Daylyn Carrigan

Daylyn Carrigan is a junior from Puyallup, WA, studying English Writing and Communications. She is a poet, photographer, and songwriter, who finds that inspiration strikes most often at three a.m. so she keeps a pen and journal by her bedside, hoping to catch the words before they slip away.


A photograph of a person turning their head to their left shoulder. The photograph captures the blur of that movement.

When I wasn’t looking, something else

moved in. My old roommate had stripped

the walls the way a fisherman scales a

fish, with speed and precision. Washed in

a sea of beige, the only decoration left was a

square mirror that rested between the two small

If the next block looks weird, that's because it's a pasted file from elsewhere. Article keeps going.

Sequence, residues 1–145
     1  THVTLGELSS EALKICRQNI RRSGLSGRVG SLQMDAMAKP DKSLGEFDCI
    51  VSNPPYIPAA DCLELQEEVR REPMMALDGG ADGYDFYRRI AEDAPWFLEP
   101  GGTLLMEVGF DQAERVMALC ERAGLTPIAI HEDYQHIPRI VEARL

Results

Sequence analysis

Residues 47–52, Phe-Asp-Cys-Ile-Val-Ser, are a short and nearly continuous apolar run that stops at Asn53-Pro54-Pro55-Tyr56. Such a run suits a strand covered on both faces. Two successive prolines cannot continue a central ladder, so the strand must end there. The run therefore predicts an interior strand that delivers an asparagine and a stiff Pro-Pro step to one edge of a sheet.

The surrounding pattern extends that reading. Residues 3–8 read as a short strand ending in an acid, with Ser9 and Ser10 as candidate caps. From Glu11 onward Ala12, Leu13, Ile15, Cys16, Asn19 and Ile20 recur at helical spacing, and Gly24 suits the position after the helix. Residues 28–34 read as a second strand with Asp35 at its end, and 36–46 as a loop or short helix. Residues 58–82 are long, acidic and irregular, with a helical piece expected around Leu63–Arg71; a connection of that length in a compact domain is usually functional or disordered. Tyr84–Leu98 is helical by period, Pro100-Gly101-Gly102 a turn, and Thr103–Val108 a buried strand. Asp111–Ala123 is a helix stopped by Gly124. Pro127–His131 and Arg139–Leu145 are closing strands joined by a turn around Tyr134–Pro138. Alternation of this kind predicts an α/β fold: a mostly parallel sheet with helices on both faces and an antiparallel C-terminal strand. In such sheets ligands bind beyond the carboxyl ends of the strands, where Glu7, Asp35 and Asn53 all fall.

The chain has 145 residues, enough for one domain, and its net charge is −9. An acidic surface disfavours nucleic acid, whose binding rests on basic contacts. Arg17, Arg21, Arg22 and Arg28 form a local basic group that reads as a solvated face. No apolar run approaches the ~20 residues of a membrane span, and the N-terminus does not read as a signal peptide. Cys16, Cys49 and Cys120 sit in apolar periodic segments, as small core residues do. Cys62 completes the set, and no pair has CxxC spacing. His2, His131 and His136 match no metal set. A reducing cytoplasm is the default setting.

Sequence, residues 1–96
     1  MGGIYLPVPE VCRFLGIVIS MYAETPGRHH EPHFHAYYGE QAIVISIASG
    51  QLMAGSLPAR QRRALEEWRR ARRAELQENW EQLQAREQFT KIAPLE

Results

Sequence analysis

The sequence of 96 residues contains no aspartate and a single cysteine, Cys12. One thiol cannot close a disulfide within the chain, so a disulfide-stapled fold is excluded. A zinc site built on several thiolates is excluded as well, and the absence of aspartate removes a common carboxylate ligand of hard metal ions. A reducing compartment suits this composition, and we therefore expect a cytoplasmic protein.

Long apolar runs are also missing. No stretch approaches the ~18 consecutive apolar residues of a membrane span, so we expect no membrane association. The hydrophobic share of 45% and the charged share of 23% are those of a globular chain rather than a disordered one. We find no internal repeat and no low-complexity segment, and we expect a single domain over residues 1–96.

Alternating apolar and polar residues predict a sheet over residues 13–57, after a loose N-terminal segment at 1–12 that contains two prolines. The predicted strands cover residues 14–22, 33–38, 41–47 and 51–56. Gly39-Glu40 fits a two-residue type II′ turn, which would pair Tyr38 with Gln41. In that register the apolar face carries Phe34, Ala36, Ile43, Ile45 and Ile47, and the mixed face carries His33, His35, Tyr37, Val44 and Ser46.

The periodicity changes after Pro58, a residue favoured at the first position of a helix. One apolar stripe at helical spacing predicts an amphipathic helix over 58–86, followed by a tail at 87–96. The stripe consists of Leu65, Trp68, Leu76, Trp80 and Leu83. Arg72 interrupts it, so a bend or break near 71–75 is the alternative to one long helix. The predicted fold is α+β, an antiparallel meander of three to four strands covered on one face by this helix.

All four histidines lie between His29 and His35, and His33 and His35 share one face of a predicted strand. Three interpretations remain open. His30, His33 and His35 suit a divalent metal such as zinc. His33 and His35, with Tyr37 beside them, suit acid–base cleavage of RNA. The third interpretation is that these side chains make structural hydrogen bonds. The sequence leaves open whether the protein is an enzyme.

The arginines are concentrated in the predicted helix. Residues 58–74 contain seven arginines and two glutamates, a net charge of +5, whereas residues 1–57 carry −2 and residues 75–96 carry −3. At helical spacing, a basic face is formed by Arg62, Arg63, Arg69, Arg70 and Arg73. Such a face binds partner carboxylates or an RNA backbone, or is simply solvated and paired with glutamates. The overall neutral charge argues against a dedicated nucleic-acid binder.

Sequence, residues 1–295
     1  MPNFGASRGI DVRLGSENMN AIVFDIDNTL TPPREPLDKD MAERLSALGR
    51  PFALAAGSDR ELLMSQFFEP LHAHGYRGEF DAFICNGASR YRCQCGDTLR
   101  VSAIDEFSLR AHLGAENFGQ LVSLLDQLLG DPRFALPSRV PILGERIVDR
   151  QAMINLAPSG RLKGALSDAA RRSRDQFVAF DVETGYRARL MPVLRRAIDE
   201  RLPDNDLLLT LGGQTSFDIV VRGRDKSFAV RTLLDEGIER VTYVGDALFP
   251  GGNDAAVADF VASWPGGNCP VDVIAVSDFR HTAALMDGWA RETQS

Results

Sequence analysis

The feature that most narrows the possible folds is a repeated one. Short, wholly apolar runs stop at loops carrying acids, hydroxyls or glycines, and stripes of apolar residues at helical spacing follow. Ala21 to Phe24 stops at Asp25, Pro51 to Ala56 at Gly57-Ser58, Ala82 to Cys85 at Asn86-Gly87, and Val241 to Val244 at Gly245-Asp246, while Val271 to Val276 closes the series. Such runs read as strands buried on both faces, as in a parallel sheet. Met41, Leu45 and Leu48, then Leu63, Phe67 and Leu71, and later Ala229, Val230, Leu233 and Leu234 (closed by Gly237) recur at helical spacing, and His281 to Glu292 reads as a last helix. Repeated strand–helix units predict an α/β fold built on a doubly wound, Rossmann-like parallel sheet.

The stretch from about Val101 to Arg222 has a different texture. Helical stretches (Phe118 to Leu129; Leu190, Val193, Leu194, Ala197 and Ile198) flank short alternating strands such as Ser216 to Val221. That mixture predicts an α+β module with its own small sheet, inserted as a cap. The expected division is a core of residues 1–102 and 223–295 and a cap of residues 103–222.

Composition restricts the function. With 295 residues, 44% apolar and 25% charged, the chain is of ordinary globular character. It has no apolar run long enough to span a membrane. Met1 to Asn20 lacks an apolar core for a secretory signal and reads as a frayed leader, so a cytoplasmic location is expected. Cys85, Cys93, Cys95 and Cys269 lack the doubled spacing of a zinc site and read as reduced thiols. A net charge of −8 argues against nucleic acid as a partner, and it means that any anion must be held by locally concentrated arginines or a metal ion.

closets. This is where The Other Self lived. I noticed it

first in the flicker of a small overhead light, but eventually,

I began to see it all the time, from every angle of my boxy shelter.

I could see the coil of its hair, springing about when the figure

turned to watch me. I could see the fur of its brows,

shadows melting down the sides of its face. On cold,

winter days when it slipped through the thin glass, The Other Self

would follow me through sleet-lined streets and fever-born delusions,

monotonous treks from dorm to cafeteria to dorm, various

catalysts to unbridled loneliness. Loneliness, the kind

of emotion where you have to cross an absolute peak before

anything can get better. In this way, during the peak, we became

companions. One could not exist without the other, so when I needed an ear,

it gave me two. If I sought a fresh pair of eyes, it had a set. Between

blinks we merged, two ghosts with a single body. In daylight hours, when

the clouds are too wispy to drizzle and my skateboard can come out of hibernation,

it is myself that is in control. At dusk, by the pulse of the overhead light,

reflecting in the mirror, The Other Self reappears.

And maybe I am not so alone.